A Hungry Beast

War is a hungry beast.
It has two mouths, one for 
each side of battle. It 
chews up the warriors 
as well as innocents.

War vomits pawns, trigger
persons and victims and 
witnesses, all who are 
damaged, dysfunctional 
maimed misfits, haunted by 
harsh and barbaric scenes,
memories, triggered by
moments unprophesied.
Men, now but half-men with
every sense struck by those
images, disabled,
no longer knowing how
living is livable,
seek out a sense of life
using those substances
offering hope, over-
using the others that 
lead to despair. 
———————–And then,

War shits the flesh of the 
dead on both sides after
digesting, extracting
its deadly sustenance:
souls robbed of any life.

Truly insatiable,
the beast with two mouths and the
beast known as Death make the
beast with two backs, and their
orgasms engender
new grudges, growing more
greedy for battle, the
ugliest spawn spoiling
peace efforts. 
——————–War’s renewed.

Vulgar and ugly words
chosen in reference to 
War’s damnèd beastliness
aren’t as offensive as
nations’ indifference, 
marrying innocents,
dead or alive, to the
perpetrators of an
infinite misery.

Why, then, do people en-
gage in this ugliness? 
What is the purpose of
such pointless inhumane
action as War when it’s
clear nothing’s solved? Is there 
some great Creator’s plan?

If so, it could be that
War, like a fire in a 
forest, a flood, a vol-
cano, can transform its
locus, like a restart 
key, pushed violently,
leaving renewal now
possible once again. 

©Josephine M. Cannella

Toccata and Tease

She’s changed into a many-colored gown —
warm tones of yellow, orange, red—
and we are all attracted even more.
She starts to dance a sarabande for us
and soon begins to drop bits of that bright
and beautiful garb, slowly first, a tease,
then suddenly it seems behind an ex-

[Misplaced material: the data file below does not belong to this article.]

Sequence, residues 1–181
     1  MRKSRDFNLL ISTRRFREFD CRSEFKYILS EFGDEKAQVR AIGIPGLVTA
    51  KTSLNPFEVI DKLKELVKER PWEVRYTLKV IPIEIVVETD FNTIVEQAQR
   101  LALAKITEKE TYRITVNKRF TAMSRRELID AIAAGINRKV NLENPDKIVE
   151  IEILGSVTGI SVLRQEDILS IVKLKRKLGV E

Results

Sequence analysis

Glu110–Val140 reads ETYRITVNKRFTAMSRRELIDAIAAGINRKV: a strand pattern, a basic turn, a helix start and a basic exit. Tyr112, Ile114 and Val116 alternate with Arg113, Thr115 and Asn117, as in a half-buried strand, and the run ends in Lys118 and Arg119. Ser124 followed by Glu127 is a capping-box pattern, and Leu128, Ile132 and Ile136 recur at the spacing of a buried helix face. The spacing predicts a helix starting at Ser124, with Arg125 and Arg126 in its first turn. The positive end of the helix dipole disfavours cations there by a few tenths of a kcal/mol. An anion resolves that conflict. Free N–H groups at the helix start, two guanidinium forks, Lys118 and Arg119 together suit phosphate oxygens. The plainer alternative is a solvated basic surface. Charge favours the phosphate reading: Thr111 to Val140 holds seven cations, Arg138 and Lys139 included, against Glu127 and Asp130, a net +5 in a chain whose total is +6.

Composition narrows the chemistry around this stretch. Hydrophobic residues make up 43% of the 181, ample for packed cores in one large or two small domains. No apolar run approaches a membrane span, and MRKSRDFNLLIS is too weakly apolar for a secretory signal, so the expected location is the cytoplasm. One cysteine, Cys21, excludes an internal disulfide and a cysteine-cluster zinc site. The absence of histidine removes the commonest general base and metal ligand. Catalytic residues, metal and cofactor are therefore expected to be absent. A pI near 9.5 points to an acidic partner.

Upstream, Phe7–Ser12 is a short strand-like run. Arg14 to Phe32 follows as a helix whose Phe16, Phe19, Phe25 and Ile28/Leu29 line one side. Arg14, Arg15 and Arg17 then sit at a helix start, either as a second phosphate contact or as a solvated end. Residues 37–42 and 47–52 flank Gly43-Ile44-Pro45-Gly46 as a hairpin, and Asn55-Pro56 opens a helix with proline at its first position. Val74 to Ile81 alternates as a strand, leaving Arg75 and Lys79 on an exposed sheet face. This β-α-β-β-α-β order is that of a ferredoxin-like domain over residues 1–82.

cruciating whirlwind of color,
we start to see her, so much we begin
to wince, we want to see her wait,
slow down; we ache for this strip tease to last
a little longer, let us linger in
anticipation, fascination, but
she’s in a hurry, throws a flurry of 
the colors, and we’re sure she will not give
a ritardando, but now there she is, 
so scant’ly clad there’s nearly nothing left, 
refusing to let go of that last bit 
of brown until it’s pushed down 
              by the snow.

©Josephine M. Cannella

Teaching and Learning

The teaching and learning of 
lessons and love songs 
and all the getting-to-know-you time of 
fresh spring infatuation 
blooming and music and tickling my fancy 
have filled and emptied and filled me 
again and repeatedly in a new way 
each time,
and each is better than the last without 
derogating the last  
and how this is happening 
is a 
I don’t want to solve.

©️Josephine M. Cannella


Dandelions filled the dirt of the baseball diamond at the school where I formerly worked.
Our Mother Nature every creature feeds.    
She’s indiscriminate, so all endure.
She never calls the dandelions weeds.

Her lion hearted beings do great deeds.
Their sunny yellow countenance is sure.
See, Mother Nature every creature feeds.

A mother tries to satisfy the needs
her children have, and rarely to inure
the wild flowers to notions they are weeds.

I’d pick them, “flowers,” for my Mom, and she’d
ensconce them in a vase, like lavender.
My mother, naturally, my heart would feed.

Naive children and wildflowers sow seeds,